A few months ago Michelle Garlinski asked if I would share a reflection on my experience of leadership as a younger religious. I’m happy to offer a few thoughts, but before I do I’ll point out the obvious; I’m not really a young religious. I made my first profession a little over 25 years ago; some of my friends from high school are already grandparents, and others are considering their retirement; and when I travel to countries where religious vocations are plentiful, they consider me an elder! So, these reflections on my experience of leadership are those of an Oblate in his early 50’s, in leadership in a province where the average age is close to 80! In addition, the ideas presented here are not meant to be a systematic piece, but are preliminary thoughts on a few areas of our ministry and community life.
Challenge and Change
Five and a half years of leadership and administration has brought it’s fair share of challenge and change: diminishing numbers (we were about 230 Oblates in our province in 2013, today we are about 165); the lack of new membership and the place of religious life in the Canadian church today; managing the blessings and tensions of our increasingly international communities; the important issues emerging around accountability and transparency of religious leadership regarding our handling of historic abuse cases; our Oblate response to the TRC Calls to Action. And yet, in the midst of challenge and perpetual change, I find myself hopeful in the face of this uncertain future, and grateful to go forward with Oblates, Oblate Associates, and the many others who share in our charism, life and work today.
Leadership is ministry too!
Shortly after my appointment as one of the two vicars for my Oblate province, I travelled to Rome for leadership formation along with about fifteen other Oblates newly appointed as provincial and vicars provincial. Playfully referred to as charm school, the workshops and reflections offered there by our congregational leadership and others were consoling and practical. One of the most helpful pieces of advice we were given over those two weeks was this: to remember that leadership and administration (managing change, encouraging and assisting other leaders, facilitating and organising various meetings and initiatives, and ensuring the obligations of the Province and Congregation are met, etc.) is in fact, ministry. Our new ministry would be a service to the Oblates (ad intra rather than ad extra), and a necessary part of our corporate mission. Over the last five years I’ve made the same point when encouraging Oblates to be open to the internal ministries of the community, something most of us are reluctant to take on.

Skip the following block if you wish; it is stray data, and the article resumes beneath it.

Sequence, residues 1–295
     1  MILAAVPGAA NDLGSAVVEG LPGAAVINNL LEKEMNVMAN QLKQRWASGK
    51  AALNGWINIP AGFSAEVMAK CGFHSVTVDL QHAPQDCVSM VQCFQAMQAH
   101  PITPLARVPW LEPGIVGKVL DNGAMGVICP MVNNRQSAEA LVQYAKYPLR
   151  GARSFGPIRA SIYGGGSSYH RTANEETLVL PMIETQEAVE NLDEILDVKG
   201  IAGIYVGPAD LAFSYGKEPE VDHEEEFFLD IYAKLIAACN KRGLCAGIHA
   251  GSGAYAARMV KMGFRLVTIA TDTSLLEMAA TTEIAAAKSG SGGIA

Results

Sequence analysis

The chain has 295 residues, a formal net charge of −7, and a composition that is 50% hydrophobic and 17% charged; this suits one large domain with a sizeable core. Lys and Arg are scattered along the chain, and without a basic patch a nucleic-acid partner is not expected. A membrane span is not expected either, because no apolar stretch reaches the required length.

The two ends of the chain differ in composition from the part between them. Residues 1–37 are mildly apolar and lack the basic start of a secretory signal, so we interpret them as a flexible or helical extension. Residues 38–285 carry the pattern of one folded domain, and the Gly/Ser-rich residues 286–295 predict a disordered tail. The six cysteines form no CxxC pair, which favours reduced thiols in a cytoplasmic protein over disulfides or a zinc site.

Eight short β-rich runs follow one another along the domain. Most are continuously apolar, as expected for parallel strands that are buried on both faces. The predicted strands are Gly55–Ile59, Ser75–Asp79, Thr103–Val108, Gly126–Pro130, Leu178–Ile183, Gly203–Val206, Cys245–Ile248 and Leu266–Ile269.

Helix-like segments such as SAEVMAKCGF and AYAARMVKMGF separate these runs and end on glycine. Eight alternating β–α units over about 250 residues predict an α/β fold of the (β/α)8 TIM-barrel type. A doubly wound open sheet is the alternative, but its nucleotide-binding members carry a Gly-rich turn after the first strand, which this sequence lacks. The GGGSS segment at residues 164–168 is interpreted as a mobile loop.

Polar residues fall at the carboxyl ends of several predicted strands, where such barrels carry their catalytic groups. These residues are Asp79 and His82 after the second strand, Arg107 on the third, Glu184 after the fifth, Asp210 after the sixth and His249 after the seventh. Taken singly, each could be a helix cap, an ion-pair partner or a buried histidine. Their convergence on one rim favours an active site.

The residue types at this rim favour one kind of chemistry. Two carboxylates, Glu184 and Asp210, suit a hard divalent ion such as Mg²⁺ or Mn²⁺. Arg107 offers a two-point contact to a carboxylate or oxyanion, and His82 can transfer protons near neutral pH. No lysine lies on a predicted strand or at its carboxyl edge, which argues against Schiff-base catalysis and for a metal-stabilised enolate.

Make decisions and move!
As religious we learn that discernment precedes decision, and that decisions should be made at the most appropriate level. This is true, but as religious (like other groups of people I suppose) we get lost in process and discussions about subsidiarity, and important decisions are delayed, or not made at all.
When we began our first term as Provincial Council back in 2013, our Provincial, Fr. Ken Forster said that as a provincial he intended to take significant decisions in a number of areas of our Oblate life. He was clear that we would gather good information, consult appropriately, and in a spirit of prayer make decisions and act on them. I’ve come to appreciate the wisdom of this. Over almost six years we’ve made a good number of bad decisions, but I’ll take that over a lack of direction any day; and so it seems, will most Oblates. A bad decision can be changed and learned from, but a lack direction takes us nowhere.
Committing to ongoing formation…
When I entered the Oblates in the early 90’s, our Oblate province (one of five provinces that would amalgamate to become OMI Lacombe in 2003) held a community retreat just after Easter each year, then in late August we’d gather for Study Days. Today I have warm memories of these and other smaller gatherings as opportunities for intellectual and spiritual growth, but even more as time taken together to learn and grow as a community. There were also programs and gatherings organized at regional and international levels of the congregation; all of which was part of the intentional commitment of the Oblates to ongoing formation.
In recent years the attention given to ongoing formation has diminished due to many reasons; an aging membership; reluctance to free ourselves from ministry commitments (especially priests); the time away for these events is seen by some as an indulgence; lack of personnel to organise gatherings, to name just a few. This diminishment in attention to our ongoing formation can have consequences : a lack of communal reflection on our life together; a diminished consistency in our Oblate pastoral practice (I.e. What distinguishes our pastoral presence as Oblates?); a lack of depth in our homilies, teaching, or talks.
The Oblates in Canada and the US are are taking steps towards shared ongoing formation programs, especially with our younger members in the area of leadership training, and hopefully these efforts will lead to other initiatives.
Grateful for our gatherings…
This is why I’m grateful for our gatherings in Saskatoon over the last two summers, and that there is third retreat planned for July. For me these retreats were at least in part experiences of ongoing formation, where we pondered together the signs of the times, and began to explore what God might be asking of younger Canadian religious today, and into the future. This can only be a good thing for us, our communities, and for the wider church.
Written by Fr. Ken Thorson, OMI